Context: Paul Revere (1735–1818) was a silversmith by trade; he also worked in gold and was a skilled engraver. Most of his life was spent in Boston. He had some military experience prior to the Revolution, having taken part in the capture of Crown Point in 1756. Afterward he set up shop and produced much fine silverware and a number of prints. Of these, his engraving of the Boston Massacre is probably the best known. He also engraved the plates from which Massachusetts' first paper money was printed. Revere had Revolutionary sympathies and in 1774 became one of a group of men who patrolled Boston at night in order to observe the movements of British troops. On April 14, 1775, it was noted that some sort of military exercise was in preparation; and on the 18th they saw troops marching across the common toward the inner bay. Revere had a prearranged signal set up in one of the Northend churches, either Christ Church or the church in North Square which was later destroyed by the British. He then crossed the river to the Charlestown side, where he had a horse ready, and awaited the signal. When he saw it, he immediately rode to warn the patriots. He was barely in time; by 2:30 A.M. a party of some 800 British troops had landed at Lechmere Point and were marching on Lexington. Revere fought throughout the Revolutionary War and afterward returned to his trade, branching out into bells and cannon; he was the first in America, it is said, to smelt and refine copper. Longfellow's familiar poem has made his name and deeds a household word for many generations. He later incorporated the poem into Tales of a Wayside Inn; this is a collection of tales in verse, told by a number of wayfarers staying at an Inn, and Paul Revere's Ride is the first tale in the volume. It is a stormy night outside the Red Lion Inn, in Sudbury; but inside all is warmth and good cheer. The characters are introduced, and Longfellow describes the music and laughter. Then silence falls, and everyone begs the Landlord for a story. At length, and after much coaxing, he begins:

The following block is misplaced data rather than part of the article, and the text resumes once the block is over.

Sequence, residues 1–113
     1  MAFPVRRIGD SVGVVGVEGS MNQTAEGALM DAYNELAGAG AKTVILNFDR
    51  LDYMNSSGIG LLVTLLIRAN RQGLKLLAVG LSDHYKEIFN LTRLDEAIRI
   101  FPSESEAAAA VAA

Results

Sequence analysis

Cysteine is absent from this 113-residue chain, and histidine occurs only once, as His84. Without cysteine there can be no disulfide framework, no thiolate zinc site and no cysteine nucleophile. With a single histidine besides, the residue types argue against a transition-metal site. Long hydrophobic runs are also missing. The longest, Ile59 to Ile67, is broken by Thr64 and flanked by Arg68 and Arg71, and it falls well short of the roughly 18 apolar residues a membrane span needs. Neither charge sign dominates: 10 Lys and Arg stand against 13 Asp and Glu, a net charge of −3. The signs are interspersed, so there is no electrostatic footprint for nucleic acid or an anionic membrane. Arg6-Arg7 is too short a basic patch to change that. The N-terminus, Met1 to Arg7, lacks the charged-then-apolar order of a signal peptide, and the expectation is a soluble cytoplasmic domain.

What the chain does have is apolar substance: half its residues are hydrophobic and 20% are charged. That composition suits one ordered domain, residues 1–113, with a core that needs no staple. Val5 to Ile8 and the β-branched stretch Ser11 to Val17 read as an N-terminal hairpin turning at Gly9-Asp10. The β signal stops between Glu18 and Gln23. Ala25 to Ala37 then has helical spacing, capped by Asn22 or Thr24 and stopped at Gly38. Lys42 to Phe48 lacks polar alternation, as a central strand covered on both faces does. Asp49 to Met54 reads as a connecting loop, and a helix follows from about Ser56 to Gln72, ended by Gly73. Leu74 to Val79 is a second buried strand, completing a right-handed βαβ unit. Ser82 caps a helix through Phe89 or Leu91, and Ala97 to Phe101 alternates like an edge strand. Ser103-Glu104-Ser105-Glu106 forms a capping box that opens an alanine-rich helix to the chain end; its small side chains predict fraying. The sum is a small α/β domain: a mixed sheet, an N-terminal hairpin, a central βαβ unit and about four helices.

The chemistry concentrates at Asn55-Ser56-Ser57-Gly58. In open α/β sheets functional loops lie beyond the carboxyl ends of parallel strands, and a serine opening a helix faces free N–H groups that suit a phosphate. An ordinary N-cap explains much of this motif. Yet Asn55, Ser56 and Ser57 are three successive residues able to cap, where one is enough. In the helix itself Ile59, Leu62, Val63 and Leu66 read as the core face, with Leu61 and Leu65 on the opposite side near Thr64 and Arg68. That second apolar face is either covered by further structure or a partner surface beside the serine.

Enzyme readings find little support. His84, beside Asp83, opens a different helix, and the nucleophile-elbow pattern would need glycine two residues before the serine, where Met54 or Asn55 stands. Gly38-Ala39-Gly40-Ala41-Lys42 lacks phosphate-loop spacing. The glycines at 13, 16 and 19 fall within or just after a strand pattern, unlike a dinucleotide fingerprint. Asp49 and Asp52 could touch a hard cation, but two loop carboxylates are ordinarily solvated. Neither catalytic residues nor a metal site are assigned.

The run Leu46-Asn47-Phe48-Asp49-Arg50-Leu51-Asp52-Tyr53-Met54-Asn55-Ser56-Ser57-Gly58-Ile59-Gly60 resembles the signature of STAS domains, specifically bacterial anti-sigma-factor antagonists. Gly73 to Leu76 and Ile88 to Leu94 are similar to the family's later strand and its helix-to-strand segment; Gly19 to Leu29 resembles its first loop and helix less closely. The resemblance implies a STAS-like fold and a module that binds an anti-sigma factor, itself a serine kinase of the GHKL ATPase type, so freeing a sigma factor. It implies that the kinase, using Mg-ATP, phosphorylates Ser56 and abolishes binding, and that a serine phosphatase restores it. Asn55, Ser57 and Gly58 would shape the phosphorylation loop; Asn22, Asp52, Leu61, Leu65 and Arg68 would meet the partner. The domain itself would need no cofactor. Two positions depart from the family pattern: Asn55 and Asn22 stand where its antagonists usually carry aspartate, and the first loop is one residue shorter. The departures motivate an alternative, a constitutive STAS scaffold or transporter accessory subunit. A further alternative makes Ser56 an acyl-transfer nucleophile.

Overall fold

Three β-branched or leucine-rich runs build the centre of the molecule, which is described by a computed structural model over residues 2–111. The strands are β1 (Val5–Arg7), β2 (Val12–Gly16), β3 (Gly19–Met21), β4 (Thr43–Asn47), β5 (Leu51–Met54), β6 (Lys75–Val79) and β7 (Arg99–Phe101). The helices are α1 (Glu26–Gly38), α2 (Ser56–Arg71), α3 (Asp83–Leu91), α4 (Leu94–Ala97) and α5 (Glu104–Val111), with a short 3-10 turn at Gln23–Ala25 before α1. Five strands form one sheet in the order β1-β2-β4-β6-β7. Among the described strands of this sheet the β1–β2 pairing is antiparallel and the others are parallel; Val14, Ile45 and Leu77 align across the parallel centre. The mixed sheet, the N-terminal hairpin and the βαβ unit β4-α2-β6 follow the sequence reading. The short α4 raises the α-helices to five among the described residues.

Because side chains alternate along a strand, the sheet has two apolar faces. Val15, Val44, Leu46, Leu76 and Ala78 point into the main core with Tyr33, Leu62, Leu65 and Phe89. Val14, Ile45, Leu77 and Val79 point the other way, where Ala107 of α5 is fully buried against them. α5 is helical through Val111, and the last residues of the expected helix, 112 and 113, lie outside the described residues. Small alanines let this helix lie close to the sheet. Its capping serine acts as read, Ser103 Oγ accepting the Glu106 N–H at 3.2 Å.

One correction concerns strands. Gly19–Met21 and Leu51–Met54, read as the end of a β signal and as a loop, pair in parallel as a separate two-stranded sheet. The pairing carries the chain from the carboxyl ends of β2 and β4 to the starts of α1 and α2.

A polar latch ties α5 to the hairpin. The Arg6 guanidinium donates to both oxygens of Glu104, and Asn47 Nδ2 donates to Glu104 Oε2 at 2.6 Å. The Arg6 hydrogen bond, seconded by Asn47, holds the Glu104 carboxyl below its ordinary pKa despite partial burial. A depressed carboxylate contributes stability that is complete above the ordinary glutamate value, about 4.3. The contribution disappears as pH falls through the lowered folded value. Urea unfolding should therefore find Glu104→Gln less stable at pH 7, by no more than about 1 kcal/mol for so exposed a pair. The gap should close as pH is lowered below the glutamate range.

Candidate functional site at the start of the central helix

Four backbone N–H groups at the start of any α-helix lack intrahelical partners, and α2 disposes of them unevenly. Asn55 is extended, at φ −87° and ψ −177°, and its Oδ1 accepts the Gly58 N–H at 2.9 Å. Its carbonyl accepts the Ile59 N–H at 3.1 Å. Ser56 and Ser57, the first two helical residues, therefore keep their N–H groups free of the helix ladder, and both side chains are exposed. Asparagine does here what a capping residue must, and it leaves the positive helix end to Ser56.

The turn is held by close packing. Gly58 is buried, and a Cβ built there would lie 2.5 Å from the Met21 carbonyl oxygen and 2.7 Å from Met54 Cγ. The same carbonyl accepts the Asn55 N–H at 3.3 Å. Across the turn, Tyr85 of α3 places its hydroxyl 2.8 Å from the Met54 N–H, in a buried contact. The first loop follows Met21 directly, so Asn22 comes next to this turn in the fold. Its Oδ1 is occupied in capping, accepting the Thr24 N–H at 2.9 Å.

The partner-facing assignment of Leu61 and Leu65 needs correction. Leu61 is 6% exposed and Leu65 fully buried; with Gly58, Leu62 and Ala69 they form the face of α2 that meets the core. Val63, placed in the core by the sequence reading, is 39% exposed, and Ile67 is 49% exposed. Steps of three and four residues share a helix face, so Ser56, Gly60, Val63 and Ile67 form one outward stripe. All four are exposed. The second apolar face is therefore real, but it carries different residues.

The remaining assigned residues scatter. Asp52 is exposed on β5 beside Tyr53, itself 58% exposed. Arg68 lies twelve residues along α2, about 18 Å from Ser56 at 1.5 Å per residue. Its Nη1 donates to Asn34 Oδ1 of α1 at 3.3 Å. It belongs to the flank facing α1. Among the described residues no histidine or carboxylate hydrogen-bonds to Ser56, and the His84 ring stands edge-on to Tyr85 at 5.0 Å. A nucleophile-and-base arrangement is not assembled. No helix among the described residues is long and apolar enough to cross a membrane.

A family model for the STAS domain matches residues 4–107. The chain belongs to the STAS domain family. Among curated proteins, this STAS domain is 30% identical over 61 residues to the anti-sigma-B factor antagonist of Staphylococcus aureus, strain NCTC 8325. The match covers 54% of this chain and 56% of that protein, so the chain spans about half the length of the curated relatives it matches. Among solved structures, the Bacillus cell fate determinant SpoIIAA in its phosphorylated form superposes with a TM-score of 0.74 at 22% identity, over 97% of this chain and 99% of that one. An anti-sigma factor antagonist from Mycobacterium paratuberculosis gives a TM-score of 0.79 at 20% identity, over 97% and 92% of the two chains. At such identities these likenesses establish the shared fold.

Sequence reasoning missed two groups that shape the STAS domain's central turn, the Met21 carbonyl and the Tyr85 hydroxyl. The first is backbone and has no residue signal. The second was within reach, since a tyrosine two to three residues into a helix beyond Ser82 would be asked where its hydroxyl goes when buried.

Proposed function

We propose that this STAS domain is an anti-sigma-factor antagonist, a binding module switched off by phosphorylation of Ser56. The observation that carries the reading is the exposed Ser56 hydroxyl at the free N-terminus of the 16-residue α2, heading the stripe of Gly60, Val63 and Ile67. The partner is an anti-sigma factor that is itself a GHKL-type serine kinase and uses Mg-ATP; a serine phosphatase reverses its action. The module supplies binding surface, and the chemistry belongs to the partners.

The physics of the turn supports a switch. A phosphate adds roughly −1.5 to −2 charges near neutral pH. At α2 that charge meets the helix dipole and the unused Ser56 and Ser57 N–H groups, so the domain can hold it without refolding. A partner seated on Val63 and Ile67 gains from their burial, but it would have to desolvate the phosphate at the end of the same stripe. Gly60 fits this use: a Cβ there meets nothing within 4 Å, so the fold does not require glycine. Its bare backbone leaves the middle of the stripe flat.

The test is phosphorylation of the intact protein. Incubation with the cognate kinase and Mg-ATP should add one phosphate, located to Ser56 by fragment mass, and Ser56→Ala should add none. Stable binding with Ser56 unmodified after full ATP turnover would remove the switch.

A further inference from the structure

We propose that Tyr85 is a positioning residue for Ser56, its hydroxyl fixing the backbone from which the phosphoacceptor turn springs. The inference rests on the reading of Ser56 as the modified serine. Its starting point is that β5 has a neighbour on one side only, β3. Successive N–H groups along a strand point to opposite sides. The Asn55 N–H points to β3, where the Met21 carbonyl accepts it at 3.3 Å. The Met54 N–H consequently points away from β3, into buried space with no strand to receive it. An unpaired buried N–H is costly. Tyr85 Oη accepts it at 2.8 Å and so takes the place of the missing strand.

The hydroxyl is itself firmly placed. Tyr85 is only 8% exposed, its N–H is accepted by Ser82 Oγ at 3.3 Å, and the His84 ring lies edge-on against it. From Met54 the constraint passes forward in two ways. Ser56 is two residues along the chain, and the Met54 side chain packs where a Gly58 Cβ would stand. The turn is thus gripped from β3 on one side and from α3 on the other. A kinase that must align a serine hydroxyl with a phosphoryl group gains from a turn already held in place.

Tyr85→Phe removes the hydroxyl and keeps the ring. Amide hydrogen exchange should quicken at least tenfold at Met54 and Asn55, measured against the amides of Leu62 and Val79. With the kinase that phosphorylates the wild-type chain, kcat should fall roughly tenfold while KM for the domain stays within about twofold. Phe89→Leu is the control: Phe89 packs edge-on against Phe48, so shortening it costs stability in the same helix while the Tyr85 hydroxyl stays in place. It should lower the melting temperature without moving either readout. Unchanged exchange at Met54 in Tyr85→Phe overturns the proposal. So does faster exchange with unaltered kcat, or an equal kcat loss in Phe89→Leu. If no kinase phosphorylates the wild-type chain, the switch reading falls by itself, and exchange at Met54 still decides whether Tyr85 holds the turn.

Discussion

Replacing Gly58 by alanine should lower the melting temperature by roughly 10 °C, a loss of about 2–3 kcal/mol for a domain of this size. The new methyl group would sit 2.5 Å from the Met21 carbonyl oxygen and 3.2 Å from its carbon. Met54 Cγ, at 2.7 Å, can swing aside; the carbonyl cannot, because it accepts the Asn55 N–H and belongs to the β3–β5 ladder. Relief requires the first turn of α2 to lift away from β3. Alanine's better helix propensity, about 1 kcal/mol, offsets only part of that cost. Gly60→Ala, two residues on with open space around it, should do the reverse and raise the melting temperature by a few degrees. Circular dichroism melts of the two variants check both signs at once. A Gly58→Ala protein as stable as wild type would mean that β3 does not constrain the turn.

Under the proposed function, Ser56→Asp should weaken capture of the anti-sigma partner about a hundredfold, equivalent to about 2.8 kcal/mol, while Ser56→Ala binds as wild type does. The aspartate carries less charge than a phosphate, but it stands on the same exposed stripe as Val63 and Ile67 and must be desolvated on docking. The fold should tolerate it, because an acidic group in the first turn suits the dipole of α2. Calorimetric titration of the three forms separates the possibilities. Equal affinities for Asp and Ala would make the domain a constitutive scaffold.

Listen, my children, and you shall hearOf the midnight ride of Paul Revere,On the eighteenth of April, in Seventy-five;Hardly a man is now aliveWho remembers that famous day and year.He said to his friend, "If the British marchBy land or sea from the town to-night,Hang a lantern aloft in the belfry archOf the North Church tower as a signal light,–One, if by land, and two, if by sea;And I on the opposite shore will be,Ready to ride and spread the alarmThrough every Middlesex village and farm,For the country folk to be up and to arm."Then he said, "Good night!" and with muffled oarsilently rowed to the Charlestown shore, . .